The critical success factor (CSF) approach has been in existence for some considerable time
, mainly in the information systems field, and in later years, its application was extended to the generic management field. Critical success factors can be defined as the limited number of areas in which ‘things must go right’ in order to ensure predetermined ‘goals’ are achieved. Furthermore, it is important to determine suitable ‘measures’ to monitor and control the results of CSFs. Thus, CSFs represent priority areas for on-going information provision and form the basis for a company’s management decision-making. The approach is based on a framework of ‘goals–CSFs–measures’ called ‘CSF analysis.’ For example, in a hotel business, if the goal is to improve room revenue, then the key elements (critical success factors) to be managed are essentially the number of rooms sold and the room rate charged, thus involving the measurement of room occupancy, average room rate, and RevPAR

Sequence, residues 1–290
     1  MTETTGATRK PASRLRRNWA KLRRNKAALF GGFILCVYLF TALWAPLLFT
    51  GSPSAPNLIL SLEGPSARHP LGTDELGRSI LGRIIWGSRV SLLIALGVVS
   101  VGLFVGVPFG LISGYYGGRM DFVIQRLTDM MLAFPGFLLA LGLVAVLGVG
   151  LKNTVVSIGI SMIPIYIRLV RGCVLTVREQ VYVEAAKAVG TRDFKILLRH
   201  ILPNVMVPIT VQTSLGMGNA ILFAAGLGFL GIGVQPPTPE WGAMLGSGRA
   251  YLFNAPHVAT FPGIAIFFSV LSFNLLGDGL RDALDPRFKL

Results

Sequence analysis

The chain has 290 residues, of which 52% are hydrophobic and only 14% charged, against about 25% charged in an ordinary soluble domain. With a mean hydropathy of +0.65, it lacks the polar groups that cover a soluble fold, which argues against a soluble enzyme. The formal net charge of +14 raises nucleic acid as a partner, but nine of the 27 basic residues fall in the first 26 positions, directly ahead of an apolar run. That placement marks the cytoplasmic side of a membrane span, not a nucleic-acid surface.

to monitor the results.
The CSFs will normally vary from company to company within an industry
and among the individual managers within companies, thus, they are related to the specifics of a particular manager’s situation.
Brotherton, B. and Shaw, J. (1996) Towards an identification and classification
of Critical Success Factors in UK Hotels Plc. International Journal of Hospitality Management
, 15 (2), 113–135.
Geller, A.N. (1985) Tracking the critical success factors for hotel companies. Cornell Hotel and Restaurant
Administration Quarterly, February, pp. 76–81.